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Constellation Crux and Coalsack Nebula (C99) (Re-Work)

In April 2021 I posted here a new version of a capture made in July, 2020. Well, I was not entirely happy.

Then, I decided to do a new version. This means that the picture I’m posting today is at least the 3rd version of the same data. Ok, ok, sorry. I won’t be stalling. Here is the new (And hopefully the last) version:

Crux and Coalsack Nebula (C99)

Also, I made an annotated version, with the astrometric solution. What are your thoughts?

Crux and Coalsack Nebula (C99) with astrometric solution
Crux and Coalsack Nebula (C99) with astrometric solution

EXIF

This is the equipment I used to capture this image:

No autoguiding this time!

And the lights:

  • 142x30s (Total of 1.2h of exposure);
  • ISO 1600;
  • Bortle 6 skies;
  • Moon: 81% illuminated;
  • No darks, flats or BIAS;
  • Data captured on July 9, 2020;
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Messier 42, The Orion Nebula – a new version

On November 2020 the skies allowed me to shoot Messier 42, The Orion Nebula, again. This time I used my new camera and light pollution filter, and now the result is… kinda ok.

I got only 55 minutes with 30s frames, but the surrounding nebulosity already begun to show itself.

My new field flattener also helped a lot to flatten the borders of the frame!

Messier 42 does not require any comments. It’s probably the most known nebula of the sky, visible through naked eyes!

The Orion constallation is full of this emission nebulas, but M42 is by far the most proeminent.

Enough talking! Here comes the pic:

Setup for photographing Messier 42

Canon T6i (750D) astro modified
Long Perng S400M-C 66mm f/6 refractor
Field Flattener for short refractors (Looks like Orion Field Flattener)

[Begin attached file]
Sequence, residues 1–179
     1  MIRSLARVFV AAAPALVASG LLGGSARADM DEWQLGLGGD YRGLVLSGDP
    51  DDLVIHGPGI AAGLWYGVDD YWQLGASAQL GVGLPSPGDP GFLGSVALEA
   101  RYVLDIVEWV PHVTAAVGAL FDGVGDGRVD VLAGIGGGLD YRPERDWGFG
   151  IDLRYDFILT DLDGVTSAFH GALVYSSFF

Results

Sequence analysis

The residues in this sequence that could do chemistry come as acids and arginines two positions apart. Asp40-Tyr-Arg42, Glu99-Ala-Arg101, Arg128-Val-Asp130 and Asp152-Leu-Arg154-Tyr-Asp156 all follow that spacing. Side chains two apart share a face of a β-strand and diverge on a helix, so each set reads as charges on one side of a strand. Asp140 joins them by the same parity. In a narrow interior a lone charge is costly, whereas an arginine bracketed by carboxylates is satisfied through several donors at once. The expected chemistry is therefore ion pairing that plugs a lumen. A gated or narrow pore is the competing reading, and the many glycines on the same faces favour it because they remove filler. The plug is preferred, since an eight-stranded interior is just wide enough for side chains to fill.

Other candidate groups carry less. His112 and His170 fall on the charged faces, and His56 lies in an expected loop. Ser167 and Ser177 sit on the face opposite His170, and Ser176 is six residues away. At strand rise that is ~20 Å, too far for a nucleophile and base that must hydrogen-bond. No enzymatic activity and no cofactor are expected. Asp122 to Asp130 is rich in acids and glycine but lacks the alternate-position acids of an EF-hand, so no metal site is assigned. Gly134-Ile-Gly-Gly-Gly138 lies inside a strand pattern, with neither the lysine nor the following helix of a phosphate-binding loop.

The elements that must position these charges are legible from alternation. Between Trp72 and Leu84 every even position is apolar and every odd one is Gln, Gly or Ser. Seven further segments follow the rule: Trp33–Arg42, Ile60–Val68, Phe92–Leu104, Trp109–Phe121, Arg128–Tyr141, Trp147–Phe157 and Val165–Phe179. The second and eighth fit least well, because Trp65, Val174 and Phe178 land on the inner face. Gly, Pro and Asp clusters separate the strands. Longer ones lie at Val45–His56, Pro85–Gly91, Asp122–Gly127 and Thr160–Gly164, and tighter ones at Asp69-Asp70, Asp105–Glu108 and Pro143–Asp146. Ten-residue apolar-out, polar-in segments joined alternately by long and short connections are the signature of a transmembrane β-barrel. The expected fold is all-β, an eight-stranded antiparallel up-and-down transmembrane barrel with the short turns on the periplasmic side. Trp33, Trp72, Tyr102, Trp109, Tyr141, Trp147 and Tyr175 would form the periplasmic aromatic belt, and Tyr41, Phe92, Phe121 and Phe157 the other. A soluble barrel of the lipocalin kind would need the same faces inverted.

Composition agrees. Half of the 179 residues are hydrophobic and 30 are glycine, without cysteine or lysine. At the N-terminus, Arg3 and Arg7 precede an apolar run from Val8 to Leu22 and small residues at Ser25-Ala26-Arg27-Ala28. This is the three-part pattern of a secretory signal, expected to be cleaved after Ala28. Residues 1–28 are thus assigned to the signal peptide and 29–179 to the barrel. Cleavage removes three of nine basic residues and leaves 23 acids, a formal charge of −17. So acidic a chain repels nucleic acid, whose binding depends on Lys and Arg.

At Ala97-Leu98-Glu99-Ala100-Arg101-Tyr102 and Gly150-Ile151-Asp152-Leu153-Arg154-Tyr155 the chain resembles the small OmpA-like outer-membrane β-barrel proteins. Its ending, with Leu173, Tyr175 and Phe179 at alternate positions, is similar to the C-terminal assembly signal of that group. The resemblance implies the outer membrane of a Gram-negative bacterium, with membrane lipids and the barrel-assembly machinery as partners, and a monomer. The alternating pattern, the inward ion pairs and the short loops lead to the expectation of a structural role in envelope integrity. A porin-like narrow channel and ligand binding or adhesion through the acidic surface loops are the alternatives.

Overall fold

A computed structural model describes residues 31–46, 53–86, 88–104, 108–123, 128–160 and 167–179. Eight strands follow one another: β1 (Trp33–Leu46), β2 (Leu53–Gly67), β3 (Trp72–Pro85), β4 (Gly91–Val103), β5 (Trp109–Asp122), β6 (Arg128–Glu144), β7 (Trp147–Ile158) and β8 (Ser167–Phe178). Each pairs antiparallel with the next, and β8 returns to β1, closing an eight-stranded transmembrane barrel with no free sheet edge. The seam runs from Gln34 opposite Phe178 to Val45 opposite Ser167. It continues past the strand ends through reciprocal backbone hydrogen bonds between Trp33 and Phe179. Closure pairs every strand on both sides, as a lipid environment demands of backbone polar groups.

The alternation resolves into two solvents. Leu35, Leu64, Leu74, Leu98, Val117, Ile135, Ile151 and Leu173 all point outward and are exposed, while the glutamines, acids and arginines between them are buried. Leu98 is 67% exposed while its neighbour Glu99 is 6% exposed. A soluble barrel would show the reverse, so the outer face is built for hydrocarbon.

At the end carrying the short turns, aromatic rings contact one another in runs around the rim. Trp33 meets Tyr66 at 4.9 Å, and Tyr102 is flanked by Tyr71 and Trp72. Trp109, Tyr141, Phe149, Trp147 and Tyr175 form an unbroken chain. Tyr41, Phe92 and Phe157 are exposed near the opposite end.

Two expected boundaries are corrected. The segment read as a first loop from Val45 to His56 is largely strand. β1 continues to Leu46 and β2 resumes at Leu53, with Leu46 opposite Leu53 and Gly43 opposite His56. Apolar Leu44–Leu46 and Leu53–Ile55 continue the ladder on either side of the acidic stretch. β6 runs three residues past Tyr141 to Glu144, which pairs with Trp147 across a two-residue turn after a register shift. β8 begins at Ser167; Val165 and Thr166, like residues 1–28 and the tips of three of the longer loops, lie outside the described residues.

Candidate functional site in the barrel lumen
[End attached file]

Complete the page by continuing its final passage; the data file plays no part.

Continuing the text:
iOptron CEM25P with a 2″ tripod
ZWO 60280 Finder and Guide Scope
QHY5L-ii Color

EXIF:

110 x 30s
ISO 1600
150 DARKS, FLATS and BIAS

See in more detail:

Instagram
Astrobin
Flickr

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Cat’s Paw nebula – NGC 6334

NGC 6334, the Cat’s Paw nebula is a faint emission nebula on the constellation of Scorpio.

That’s finally my last capture before I get my DSLR modified for astrophotography.

My setup for astrophotography is slowly getting the way I want!

Of course, my ideia was to shot an emission nebula hard to capture with a stock camera. If everything ends right, soon I’ll post a version of this same target, with some quite similar exposure, but with an astromoded Canon T6i. Wish me luck!

Well… the Cat’s Paw nebula is a hard target for Bortle 6 skies and a stock DSLR. Almost 3 hours of exposure and I hardly got some nebulosity. I hope it will change soon, as soon my camera come back and my Optolong L-Pro arrive.

Here it is:

Cat's Paw Nebula - NGC 6334
Cat’s Paw Nebula – NGC 6334

Setup:

EXIF:

  • 87 x 120S
  • ISO 1600

My sky is getting worse

Well, when I was using my Nikon D5000, the light pollution was a problem, of course, but not a major one. I mean, I was using ISO 400, and 120s frames apear not too gray at the time.

As soon I as put my hands on my new Canon T6i, I saw the real problem. 120s subs with 1600 ISO are enough to let the frame almost white!

Look at this:

120s ISO 1600 SUB -  Cat's Paw Nebula - NGC 6334

This is one single frame with 120s of exposure time and 1600 ISO.

Optolong L-Pro Clip Filter on the way

To fix (or at least try) this issue, I bought a Optolong L-Pro Clip Filter. I’m in Brazil, and it’s coming from China, so… just imagine how long I’ll need to wait…

But don’t worry!

Canon T6i astromod on the way

Also, I just sent my new Canon T6i to be modified for astrophotography.

As you can imagine, I can’t even sleep.

As soon as I put my hands on the canon again I’ll try to shot the Cat’s Paw once more!

See you soon!